Two Yukon publications have been nominated for B.C. and Yukon Book Prizes.
This is the first year that Yukon authors have been included in the annual awards, which honours writers across genres in eight categories. The nominees were announced on April 8.
Eva Holland has been nominated for the Hubert Evans Non-Fiction Prize for her book, Nerve: A Personal Journey Through the Science of Fear.
“It’s kind of cool to be represented in what’s mostly still thought of as a B.C. prize,” Holland told the News.
Holland’s book is a deep dive into the science of fear, with Holland herself acting as test subject. She meets with scientists, tests therapies and leaps from planes.
“It was pretty life changing … I really felt like I was in a better place by the time I was done working on the book than I was when I started,” Holland said.
The book was released in April 2020, just a few weeks after the pandemic began to ripple across Canada.
“It was a pretty interesting time to launch a book about fear, anxiety and trauma into the world. I think it probably connected with some people who were looking for ways to talk about that stuff,” Holland said.
Yukoners reading Nerve will find familiar settings — Holland skydives over the Carcross desert and goes climbing and hiking in the Whitehorse area.
“The Yukon is definitely woven throughout it, and my life there is a big part of the book. Wanting to be able to fully enjoy my life, and Whitehorse, was a big part of what motivated me to see what I could learn about fear, and the ways we can change our relationship to it,” she said.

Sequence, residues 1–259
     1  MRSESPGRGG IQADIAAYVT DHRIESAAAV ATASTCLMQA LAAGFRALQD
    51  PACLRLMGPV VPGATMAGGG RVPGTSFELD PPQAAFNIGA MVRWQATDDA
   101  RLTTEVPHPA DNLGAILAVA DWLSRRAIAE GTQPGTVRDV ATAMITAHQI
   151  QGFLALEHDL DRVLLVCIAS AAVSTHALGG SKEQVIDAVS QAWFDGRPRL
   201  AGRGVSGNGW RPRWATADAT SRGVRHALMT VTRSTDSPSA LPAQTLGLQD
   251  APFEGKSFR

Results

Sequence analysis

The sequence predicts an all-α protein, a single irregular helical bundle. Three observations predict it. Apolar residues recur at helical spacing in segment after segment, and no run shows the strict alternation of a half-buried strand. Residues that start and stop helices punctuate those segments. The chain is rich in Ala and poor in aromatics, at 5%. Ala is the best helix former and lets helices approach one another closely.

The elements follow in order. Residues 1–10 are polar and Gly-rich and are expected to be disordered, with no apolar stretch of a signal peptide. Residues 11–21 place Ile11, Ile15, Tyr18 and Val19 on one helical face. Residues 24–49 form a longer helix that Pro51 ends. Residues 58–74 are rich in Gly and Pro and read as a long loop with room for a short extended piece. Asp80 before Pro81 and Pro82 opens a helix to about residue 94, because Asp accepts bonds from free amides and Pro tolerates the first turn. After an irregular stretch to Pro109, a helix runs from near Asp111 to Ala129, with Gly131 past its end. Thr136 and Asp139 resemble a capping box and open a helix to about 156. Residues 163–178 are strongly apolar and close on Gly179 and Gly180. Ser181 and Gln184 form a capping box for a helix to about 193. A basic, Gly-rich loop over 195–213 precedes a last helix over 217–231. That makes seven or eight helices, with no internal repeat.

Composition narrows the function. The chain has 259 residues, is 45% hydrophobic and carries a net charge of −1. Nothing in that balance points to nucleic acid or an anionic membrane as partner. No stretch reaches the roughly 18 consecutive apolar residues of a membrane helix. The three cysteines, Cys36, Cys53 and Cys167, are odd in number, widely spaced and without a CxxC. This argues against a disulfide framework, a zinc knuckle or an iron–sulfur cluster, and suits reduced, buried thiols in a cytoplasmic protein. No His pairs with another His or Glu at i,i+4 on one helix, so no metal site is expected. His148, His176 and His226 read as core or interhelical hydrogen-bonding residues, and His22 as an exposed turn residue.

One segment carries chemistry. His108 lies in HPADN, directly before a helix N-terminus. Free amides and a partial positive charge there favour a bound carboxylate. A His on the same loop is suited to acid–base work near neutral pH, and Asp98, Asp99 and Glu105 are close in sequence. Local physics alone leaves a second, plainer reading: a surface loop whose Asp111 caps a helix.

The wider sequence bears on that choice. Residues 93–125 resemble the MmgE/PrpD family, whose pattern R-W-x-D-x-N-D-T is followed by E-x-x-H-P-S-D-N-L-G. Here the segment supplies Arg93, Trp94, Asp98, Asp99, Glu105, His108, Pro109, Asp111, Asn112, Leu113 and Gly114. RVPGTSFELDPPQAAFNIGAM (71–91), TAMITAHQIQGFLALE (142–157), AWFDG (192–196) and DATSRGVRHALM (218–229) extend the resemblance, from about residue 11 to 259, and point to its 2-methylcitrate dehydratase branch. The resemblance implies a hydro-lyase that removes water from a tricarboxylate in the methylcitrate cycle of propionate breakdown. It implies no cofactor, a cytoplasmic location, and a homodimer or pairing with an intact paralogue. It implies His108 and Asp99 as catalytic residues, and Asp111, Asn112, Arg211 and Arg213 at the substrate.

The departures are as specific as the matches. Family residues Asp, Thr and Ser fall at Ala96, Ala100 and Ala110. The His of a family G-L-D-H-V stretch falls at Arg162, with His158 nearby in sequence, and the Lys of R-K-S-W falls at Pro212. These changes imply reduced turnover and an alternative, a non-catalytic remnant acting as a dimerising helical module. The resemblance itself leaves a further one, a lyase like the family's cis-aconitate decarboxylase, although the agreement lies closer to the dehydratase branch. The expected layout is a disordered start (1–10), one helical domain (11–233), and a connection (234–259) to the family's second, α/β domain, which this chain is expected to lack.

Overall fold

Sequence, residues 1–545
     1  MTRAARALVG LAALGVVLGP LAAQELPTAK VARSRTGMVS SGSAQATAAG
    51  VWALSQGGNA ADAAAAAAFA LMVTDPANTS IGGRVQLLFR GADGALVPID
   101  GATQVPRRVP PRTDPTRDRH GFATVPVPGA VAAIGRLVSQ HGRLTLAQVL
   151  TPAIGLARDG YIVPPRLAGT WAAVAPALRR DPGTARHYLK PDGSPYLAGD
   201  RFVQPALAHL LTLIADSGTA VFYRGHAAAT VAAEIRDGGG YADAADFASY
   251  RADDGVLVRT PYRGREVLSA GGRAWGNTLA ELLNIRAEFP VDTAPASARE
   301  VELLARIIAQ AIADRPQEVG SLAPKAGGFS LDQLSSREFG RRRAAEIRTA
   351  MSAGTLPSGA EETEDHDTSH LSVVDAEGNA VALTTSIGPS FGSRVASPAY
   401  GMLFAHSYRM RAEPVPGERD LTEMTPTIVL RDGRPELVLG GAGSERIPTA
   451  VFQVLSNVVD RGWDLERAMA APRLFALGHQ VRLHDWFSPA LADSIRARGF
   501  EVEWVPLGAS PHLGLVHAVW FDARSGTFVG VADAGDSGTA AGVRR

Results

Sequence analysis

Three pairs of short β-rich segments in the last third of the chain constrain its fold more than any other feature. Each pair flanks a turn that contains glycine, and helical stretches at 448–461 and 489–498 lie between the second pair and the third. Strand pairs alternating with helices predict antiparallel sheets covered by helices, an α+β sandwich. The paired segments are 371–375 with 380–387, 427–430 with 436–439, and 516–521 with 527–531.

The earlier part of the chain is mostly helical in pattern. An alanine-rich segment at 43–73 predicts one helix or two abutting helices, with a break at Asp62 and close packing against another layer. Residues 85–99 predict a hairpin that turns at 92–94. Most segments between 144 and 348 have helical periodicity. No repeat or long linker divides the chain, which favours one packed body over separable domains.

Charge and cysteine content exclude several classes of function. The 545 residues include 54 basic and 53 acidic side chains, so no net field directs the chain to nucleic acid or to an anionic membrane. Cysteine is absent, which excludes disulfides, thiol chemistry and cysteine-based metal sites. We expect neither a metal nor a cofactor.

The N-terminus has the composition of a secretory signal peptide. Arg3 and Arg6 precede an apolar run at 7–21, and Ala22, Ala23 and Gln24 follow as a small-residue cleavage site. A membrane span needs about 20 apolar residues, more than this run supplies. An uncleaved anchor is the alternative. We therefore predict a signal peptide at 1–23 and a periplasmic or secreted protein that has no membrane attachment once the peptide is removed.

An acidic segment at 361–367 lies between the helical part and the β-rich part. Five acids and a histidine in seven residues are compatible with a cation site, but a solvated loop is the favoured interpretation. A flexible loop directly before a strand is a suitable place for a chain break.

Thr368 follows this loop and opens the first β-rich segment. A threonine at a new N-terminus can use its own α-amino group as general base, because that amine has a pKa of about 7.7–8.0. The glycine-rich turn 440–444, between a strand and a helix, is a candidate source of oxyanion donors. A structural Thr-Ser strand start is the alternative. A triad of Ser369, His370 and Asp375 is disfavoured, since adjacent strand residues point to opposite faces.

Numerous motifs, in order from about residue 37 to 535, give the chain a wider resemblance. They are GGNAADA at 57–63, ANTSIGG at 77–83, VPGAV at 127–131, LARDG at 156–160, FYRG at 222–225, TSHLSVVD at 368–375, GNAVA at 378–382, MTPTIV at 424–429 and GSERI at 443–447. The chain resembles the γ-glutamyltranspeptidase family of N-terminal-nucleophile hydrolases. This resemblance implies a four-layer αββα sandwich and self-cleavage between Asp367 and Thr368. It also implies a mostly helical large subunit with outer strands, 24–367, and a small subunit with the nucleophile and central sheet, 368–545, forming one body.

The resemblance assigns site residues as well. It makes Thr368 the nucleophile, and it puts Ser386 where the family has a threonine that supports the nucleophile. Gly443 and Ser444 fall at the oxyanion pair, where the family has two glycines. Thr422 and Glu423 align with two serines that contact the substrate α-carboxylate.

The Kwanlin Dün First Nation has been nominated for the Roderick Haig-Brown Regional Prize, awarded to authors contributing to an understanding of B.C. or the Yukon.
The book, Dǎ Kwǎndur Ghày Ghàkwadîndur—Our Story in Our Words, traces the history of Kwanlin Dün citizens from thousands of years ago to present day.
“Many of our people today never had the opportunity to hear our history first-hand from elders. Our children and grandchildren and many generations coming after us will be able to learn from this record of our stories,” says the book’s introduction.
The chronological narrative is sectioned into seven chapters — long ago; 10,000 years ago to the 1870s; the 1880s to 1939; 1940 to 1973; the next thirty years of land claims development; and finally the present-day time of self-governance and healing.
The book is peppered with narratives from Kwanlin Dün citizens and elders, including the origins of the world, the great flood, The Double Winter and The Girl who Married a Bear. Elders also share memories of the Gold Rush, colonization and the decades-long land claim struggle preceding the First Nation’s Final Agreement.
Several stories are written in Tlingit, Tagish, Northern Tutchone, or Southern Tutchone. The stories are paired with contemporary artwork and historic photos.
The winners of the B.C. and Yukon Book Prizes will be announced on Sept. 18.
Contact Gabrielle Plonka at email@example.com